Due to technical difficulties, this week’s Waste-Less Wednesday post is appearing today. Hey, now you have some waste-less projects for the weekend. Carry on.
It’s that time of year again: I’m up to my ass in lemons. Ok, maybe I’m exaggerating a wee bit, but between the Eurekas from my backyard and the Meyers from my neighbor’s, it’s definitely lemonpalooza around here. Not that I’m complaining, mind you. Fresh backyard citrus (front yard and side yard, too!) is both a joy and a benefit of living in the 650.
What continues to surprise me is the resilience of citrus trees here — despite our crazy weather (forecast for today: earthquake with a side of rain). The lemon tree in my yard produces fist-sized fruit year after year, regardless of drought, bugs, frost, or heat waves. I typically don’t fertilize or water the tree, and it seems thrive simply by getting what it needs from the environment. This baby is hardy! Same story with the Meyer lemon bush that grows along the fence I share with my neighbor. (FYI, over-the-fence rules also apply to Meyer lemons. Lucky me!)
So right now I’ve got about 10 pounds of Eurekas and Meyers stashed in cold storage, with more coming. The Meyers don’t hold up as long and need to be used before they get too soft. The Eurekas will last longer in cold storage, but I have to get them off the tree before the skins get too thick, otherwise they’re only good for zest and not for juice. There have been years when I’ve slacked and ended up with huge lemons that are mostly pith. (Need a quick primer on the differences between Eurekas and Meyers? Check out this article.)
Recently 7×7 Magazine published a Meyer lemon limoncello recipe, which inspired me to try my hand at this lovely Italian liqueur again. (Limoncello, if you haven’t had the pleasure, is a lemon-infused neutral spirit, sweetened with simple syrup.) I say again, because the last recipe I attempted called for high-proof vodka and waaaay too much simple syrup. Let’s just say that it didn’t end well, despite my persistent attempts at taste testing.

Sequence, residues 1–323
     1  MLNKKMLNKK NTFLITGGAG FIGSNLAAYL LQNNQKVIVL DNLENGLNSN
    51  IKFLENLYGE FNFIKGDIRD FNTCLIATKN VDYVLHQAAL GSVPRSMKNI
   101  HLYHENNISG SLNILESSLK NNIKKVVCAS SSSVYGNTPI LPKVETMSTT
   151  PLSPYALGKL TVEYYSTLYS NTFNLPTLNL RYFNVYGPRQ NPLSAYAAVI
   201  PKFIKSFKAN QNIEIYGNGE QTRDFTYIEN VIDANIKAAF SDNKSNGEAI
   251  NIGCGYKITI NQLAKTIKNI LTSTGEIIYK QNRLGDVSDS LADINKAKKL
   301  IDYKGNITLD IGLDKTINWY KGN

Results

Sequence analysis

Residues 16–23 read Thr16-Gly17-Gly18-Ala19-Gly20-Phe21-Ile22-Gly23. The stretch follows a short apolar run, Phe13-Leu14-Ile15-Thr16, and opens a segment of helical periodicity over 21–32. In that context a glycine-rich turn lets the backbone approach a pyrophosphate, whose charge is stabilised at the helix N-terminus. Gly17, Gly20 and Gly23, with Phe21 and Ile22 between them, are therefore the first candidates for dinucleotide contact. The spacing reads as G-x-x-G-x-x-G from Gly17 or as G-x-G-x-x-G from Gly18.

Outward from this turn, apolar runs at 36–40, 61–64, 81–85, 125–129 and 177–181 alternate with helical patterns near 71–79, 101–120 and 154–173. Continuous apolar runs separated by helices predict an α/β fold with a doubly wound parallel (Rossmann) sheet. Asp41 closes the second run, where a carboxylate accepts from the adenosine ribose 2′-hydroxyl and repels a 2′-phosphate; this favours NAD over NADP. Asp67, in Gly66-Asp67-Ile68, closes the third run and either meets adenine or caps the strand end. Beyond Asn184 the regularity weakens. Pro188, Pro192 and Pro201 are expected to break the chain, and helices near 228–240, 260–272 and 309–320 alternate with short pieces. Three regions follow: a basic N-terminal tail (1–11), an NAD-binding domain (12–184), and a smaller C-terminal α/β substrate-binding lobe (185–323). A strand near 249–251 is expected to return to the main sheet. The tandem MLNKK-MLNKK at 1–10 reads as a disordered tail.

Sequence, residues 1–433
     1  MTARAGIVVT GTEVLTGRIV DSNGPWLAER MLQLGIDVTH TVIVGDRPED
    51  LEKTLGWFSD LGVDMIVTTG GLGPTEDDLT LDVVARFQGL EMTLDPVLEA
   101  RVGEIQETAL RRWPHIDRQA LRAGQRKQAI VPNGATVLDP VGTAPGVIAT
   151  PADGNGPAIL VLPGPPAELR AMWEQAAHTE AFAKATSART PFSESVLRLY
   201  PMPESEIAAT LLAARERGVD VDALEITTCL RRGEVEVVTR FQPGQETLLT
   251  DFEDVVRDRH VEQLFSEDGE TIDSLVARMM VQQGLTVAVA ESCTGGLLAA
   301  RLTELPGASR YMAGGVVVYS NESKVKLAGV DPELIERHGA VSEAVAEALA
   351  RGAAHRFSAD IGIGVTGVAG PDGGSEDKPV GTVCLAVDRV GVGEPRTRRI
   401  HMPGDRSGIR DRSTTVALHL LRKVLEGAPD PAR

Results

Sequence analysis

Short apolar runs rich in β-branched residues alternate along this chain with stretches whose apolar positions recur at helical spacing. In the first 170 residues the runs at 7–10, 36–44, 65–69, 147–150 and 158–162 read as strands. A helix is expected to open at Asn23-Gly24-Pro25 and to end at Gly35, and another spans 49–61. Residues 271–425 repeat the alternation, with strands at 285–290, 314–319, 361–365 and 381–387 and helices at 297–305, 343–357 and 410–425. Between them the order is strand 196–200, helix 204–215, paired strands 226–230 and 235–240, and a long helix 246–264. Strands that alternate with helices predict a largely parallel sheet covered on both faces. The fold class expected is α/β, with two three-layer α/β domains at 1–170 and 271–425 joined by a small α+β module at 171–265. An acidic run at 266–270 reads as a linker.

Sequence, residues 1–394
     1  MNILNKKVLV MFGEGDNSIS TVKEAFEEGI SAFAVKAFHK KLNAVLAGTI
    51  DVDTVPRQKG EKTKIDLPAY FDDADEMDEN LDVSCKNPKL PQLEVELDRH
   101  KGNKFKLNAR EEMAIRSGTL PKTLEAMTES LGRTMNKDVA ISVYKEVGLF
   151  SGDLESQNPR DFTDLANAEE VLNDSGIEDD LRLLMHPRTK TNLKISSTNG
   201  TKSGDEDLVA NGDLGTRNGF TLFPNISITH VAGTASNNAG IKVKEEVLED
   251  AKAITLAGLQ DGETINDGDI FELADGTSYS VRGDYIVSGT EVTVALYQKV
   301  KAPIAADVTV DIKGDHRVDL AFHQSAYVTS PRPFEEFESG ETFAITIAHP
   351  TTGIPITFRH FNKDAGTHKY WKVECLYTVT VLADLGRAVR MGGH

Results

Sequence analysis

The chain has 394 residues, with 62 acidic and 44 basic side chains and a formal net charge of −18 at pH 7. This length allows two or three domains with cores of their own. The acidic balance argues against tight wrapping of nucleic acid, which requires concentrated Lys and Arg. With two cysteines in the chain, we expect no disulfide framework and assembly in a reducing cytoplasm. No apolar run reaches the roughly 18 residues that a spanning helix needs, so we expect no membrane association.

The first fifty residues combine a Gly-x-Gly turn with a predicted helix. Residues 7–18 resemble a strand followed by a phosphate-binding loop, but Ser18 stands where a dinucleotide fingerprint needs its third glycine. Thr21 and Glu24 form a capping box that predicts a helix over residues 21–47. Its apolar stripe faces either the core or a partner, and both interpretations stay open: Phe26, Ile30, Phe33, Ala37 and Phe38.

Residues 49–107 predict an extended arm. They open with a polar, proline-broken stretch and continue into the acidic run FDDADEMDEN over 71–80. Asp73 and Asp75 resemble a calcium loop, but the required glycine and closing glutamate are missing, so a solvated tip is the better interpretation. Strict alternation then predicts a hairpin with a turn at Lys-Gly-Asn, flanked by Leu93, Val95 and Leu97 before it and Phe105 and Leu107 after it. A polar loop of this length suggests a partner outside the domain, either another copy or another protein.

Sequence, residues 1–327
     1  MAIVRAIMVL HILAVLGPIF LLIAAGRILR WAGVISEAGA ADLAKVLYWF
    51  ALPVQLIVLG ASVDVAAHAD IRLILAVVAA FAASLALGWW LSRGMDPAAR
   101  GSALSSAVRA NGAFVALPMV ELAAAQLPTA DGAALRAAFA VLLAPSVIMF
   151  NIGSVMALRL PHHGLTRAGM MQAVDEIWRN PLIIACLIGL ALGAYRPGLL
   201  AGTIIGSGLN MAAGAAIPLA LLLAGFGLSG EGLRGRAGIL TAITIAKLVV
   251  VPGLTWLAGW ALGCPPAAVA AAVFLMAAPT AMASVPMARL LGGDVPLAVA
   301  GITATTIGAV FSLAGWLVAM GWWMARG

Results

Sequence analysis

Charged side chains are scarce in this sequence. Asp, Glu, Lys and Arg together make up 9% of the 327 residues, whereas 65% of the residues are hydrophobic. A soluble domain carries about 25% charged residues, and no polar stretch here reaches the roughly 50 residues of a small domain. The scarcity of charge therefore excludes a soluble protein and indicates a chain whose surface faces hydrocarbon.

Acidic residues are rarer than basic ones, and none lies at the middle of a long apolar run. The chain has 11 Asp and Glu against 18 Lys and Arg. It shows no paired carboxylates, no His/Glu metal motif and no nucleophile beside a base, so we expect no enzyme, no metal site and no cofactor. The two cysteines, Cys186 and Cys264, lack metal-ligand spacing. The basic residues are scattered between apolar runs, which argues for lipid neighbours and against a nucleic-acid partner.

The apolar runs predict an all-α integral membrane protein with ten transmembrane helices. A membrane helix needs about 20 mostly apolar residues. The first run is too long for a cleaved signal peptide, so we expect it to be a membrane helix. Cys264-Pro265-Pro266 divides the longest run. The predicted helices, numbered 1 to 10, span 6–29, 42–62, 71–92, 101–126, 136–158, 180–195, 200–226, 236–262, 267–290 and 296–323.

This time around I’m tweaking the recipe to include my new favorite vodka and easing up on the simple syrup. Going into research-geek mode, I tracked down a dozen recipes from reputable sources, all of them the best limoncello recipe evah! Yup, that’s what they said…all of them. And all of them different. Some require high-proof grain alcohol (Everclear), while others say 100-proof vodka will do the trick. Some recommend peeling the lemons in strips, while others insist on zesting them. Gizmondo has a cool technique that involves suspending whole lemons over the alcohol for infusion.
My takeaway? There’s no right way to make limoncello — so why not choose the best ingredients and try the simplest technique first? I decided to go with zesting 10 Meyer lemons, dumping that zest into a 1 liter glass jar, then adding 750 ml of 80-proof vodka. Voila! Close up the jar and hide it away in the back of a lower kitchen cupboard. (Why lower? Eh, heat rises. I want to keep the infusion cool.)
Sometime around March 5 or so, I’ll strain out the zest, make up a batch of 1:1 simple syrup, and add that syrup to the infused vodka in half-cup increments until I get a sweet-tart, lemony, boozy drink that I’ll want to enjoy all summer. If all goes well, I’ll post the final recipe. Easy peasy, but what about the rest of the lemons?
Well, there is the small matter of 10 naked Meyer lemons to deal with. They’re back in cold storage in a ziplock bag until I can juice them this weekend. And then what? I still have a stash of Eurekas, too. Fortunately, lemons are versatile, and there are plenty of easy techniques and recipes for enjoying lemony goodness. On my to-do list:
- Combine lemon juice with olive oil, salt and pepper for a simple salad dressing
- Spin up a small batch of lemon sorbet (substitute lemon juice for orange in this recipe and vodka for Cointreau)
- Make a round of lemon cocktails; how about a Pisco Sour or this Tequila Sage Smash from Imbibe Magazine
- Indulge in Meyer Lemon White Chocolate Scones (substitute lemon for orange and white chocolate for dark in this Sunday Morning Scones recipe).
And what about whole, preserved lemons? Yes, please! Perfect in pastas and on top of baked fish. Looks like I’ve got my rainy-day projects for this weekend. What do you do with a surplus of lemons?